1. Some people can’t see the forest for the trees. I’m simply trying to point out that there’s a forest out there, not just a little sapling. This is a problem for the original poster. I get that. But I also get that he needs to go way beyond that.

  2. Yes, a small sin is a sin. I have never denied that. But that’s not the point. The point is that it’s like a serial killer worried about whether stepping on an ant is a sin. The concern is misplaced and inappropriate because it’s out of proportion.

  3. I have yet to see (!) anyone at all commenting on or bewailing the BIG sins that are all around us–prevalent corruption in business and government, financial abuse on all levels, racism, indifference to the poor, etc. etc. NOT ONE person seems concerned with any of that. I am appalled.

What if I told you that this scrupulous person (me) is concerned that his union probably sometimes gives political contributions to politicians who are pro-choice instead of pro life. There… that does count? Is that a big enough issue for you? Are you less appalled now? :shrug:

Probably not. Read the US Council of Catholic Bishops statement on elections. Unless you are specifically voting for someone because of (not in spite of) his/her pro-choice stance, it’s perfectly fine to vote for them because of any number of other issues–death penalty, health care, war, etc. So, while I agree that pro-life is probably more admirable than pro-choice, I don’t think it’s that big a deal in terms of US elections.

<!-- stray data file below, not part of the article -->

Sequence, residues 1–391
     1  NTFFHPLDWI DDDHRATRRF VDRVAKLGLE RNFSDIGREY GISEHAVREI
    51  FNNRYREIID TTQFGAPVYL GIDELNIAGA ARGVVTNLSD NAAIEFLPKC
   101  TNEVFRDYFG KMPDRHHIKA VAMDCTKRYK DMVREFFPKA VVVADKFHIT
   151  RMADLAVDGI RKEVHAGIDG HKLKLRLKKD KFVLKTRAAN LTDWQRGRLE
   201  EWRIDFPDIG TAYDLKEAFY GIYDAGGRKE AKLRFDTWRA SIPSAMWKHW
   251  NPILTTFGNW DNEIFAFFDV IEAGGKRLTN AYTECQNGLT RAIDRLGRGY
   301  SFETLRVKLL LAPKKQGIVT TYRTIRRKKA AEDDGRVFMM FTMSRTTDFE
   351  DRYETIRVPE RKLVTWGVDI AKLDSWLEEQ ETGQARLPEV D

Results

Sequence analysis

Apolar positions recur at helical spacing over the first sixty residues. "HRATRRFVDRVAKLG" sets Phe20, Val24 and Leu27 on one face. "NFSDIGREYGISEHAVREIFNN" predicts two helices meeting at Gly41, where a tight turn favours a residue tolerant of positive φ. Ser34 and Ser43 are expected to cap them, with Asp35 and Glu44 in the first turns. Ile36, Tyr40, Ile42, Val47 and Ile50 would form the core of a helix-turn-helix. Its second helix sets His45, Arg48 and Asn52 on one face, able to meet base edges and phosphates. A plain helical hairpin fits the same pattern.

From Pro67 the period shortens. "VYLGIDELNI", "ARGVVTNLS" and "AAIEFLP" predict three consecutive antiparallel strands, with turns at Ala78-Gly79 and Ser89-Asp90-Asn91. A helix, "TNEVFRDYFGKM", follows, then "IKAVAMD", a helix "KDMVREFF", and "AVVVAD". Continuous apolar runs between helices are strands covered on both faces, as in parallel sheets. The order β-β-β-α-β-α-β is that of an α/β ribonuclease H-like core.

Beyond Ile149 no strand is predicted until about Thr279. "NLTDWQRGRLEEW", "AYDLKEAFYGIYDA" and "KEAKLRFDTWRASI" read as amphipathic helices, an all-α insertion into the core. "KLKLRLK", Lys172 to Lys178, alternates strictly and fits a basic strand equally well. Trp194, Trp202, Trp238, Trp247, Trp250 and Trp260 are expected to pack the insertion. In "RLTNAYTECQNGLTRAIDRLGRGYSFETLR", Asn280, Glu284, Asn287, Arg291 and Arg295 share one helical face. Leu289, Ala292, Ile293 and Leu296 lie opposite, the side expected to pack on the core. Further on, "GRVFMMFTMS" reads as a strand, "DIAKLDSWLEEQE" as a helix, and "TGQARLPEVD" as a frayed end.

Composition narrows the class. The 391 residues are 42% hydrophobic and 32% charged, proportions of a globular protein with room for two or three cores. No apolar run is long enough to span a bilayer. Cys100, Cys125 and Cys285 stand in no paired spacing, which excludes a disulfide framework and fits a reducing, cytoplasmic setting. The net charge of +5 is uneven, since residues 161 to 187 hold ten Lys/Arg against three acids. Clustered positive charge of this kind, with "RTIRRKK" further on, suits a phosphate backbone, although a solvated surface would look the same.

What I am referring to is a more personal involvement–say you’re a nurse; do you assist with abortions? Or you’re on the board of a hospital, and the board is discussing opening a birth control/abortion clinic–what do you say, if anything? Or your niece gets pregnant, is thrown out of the house, and comes to you for help (a position a friend was put in a couple months ago); do you let her live with you? Do you support her financially?

From my own experience, I’ve all too often been put in a position where I’ve got to make a choice (not on abortion, but on other issues) that can cost me my job. Do I suck it up, do something I consider morally wrong, or do I speak up and get fired?

Here’s a specific case you may remember. In 2008 (I think), a scandal broke about Arlington National Cemetery. They were throwing headstones into a creek; burying people in the wrong graves; and worst of all, taking ashes from cremations and throwing them onto the rubbish heap. A woman contractor (not a gov. employee, and thus not protected by whistleblower laws) was ordered to help out with such activity. She not only refused, she made the activities public. She was fired a few days later and is still unemployed–7 years later. I personally would have given her a medal, a bonus, and put her in charge of fixing the mess. But that’s just me. The government simply let her rot, as an example to others not to “get involved.” That’s the sort of stuff I would worry about.

Sequence: 1 Thought occurs. 2 Reflections: recognition of sinfulness occurs. 3 Decision to resist it occurs. 4 Action taken to resist.

One should try to banish the thought when it is first noticed. Engaging the mind with other non sinful thoughts is helpful.

From Baltimore Catechism No. 3:Q. 1318. Are impure thoughts and desires always sins?
A. Impure thoughts and desires are always sins, unless they displease us and we try to banish them.

baltimore-catechism.com/lesson34.htm